Moreno is part of a National Research Council committee convened by the Department of Defense to evaluate the military potential of brain science. Their report, “Emerging Cognitive Neuroscience and Related Technologies,” was released today. It charts a range of cognitive technologies that are potentially powerful — and, perhaps, powerfully troubling.

Here are the report’s main areas of focus: Continue reading »

Tags: , , , , , , , , , , ,

May 30


The predicted fMRI images for celery and airplane show significant similarities with the observed images for each word. Red indicates areas of high activity, blue indicates low activity. A computer has been trained to “read” people’s minds by looking at scans of their brains as they thought about specific words, researchers said on Thursday.
REUTERS/Carnegie Mellon University/Handout
__________________________________________________________________________________________

A computer has been trained to “read” people’s minds by looking at scans of their brains as they thought about specific words, researchers said on Thursday.

They hope their study, published in the journal Science, might lead to better understanding of how and where the brain stores information.

This might lead to better treatments for language disorders and learning disabilities, said Tom Mitchell of the Machine Learning Department at Carnegie Mellon University in Pittsburgh, who helped lead the study.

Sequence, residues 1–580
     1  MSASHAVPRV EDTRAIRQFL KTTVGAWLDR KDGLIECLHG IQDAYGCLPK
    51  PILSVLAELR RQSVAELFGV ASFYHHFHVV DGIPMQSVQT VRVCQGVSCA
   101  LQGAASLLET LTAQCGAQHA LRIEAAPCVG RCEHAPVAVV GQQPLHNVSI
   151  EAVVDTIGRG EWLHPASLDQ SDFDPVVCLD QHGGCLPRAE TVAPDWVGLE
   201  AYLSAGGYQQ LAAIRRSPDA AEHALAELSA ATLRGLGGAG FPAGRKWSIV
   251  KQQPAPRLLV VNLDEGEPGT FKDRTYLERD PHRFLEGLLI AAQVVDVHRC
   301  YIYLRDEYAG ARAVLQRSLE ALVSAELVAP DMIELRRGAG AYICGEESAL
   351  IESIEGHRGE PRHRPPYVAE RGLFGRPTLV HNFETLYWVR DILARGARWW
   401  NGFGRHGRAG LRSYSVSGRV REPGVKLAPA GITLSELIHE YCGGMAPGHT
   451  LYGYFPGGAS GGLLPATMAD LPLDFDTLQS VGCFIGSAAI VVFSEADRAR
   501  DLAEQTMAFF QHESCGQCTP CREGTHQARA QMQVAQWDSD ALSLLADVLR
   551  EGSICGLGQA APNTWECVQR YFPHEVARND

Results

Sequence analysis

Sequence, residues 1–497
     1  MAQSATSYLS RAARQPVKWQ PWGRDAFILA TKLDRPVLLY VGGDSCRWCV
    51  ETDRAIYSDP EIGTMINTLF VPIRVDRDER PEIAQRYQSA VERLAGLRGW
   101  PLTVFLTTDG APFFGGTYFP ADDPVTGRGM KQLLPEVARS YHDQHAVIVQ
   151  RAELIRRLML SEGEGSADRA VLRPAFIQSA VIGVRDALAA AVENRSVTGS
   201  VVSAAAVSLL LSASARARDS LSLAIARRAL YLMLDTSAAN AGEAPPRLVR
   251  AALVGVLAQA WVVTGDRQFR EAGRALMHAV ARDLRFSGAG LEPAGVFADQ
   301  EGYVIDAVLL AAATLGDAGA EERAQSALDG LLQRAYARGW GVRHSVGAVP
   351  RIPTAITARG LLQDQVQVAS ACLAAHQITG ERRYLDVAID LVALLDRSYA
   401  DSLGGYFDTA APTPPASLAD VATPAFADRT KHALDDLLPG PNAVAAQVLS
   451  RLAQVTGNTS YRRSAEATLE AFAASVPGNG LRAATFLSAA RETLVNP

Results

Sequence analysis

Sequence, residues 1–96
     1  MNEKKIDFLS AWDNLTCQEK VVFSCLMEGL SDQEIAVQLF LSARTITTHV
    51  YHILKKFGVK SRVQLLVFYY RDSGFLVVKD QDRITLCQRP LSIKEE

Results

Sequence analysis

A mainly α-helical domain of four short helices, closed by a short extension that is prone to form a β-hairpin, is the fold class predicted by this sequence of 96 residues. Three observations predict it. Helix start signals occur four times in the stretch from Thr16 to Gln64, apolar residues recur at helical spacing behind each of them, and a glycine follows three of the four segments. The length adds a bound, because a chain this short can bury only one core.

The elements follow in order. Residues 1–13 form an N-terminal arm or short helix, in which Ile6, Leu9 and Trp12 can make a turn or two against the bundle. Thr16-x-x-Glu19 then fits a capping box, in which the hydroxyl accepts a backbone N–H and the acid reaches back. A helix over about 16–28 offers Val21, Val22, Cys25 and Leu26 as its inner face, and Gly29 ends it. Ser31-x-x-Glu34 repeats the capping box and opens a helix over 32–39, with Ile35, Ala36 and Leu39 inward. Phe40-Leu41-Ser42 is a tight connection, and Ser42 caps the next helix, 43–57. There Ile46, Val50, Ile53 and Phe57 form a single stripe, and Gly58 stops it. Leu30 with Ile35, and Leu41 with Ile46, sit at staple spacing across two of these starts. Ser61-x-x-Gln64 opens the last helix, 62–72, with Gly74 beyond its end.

“The question we are trying to get at is one people have been thinking about for centuries, which is: How does the brain organize knowledge?” Mitchell said in a telephone interview.

“It is only in the last 10 or 15 years that we have this way that we can study this question.”

Mitchell’s team used functional magnetic resonance imaging, a type of brain scan that can see real-time brain activity.

They calibrated the computer by having nine student volunteers think of 58 different words, while imaging their brain activity. Continue reading »

Tags: , , ,

Apr 06

Neuroscience and marketing had a love child a few years back. Its name – big surprise – is neuromarketing, and the ugly little fellow is growing up. Corporate pitchmen have always wanted to get inside our skulls. The more accurately they can predict how we’ll react to stimuli in the marketplace, from prices to packages to adverts, the more money they can pull from our pockets and transfer to their employers’ coffers.

But picking the brains of consumers hasn’t been easy. Marketers have had to rely on indirect methods to read our thoughts and feelings. They’ve watched what we do in stores or tracked how purchases rise or fall in response to promotional campaigns or changes in pricing. And they’ve carried out endless surveys and focus groups, asking us what we buy and why.

The results have been mixed at best. People, for one thing, don’t always know what they’re thinking, and even when they do, they’re not always honest in reporting it. Traditional market research is fraught with bias and imprecision, which forces companies to fall back on hunches and rules of thumb.

But thanks to recent breakthroughs in brain science, companies can now actually see what goes on inside our minds when we shop. Teams of academic and corporate neuromarketers have begun to hook people up to functional magnetic resonance imaging (fMRI) machines to map how their neurons respond to products and pitches. Continue reading »

Tags: , , , , , , , , , , , , , ,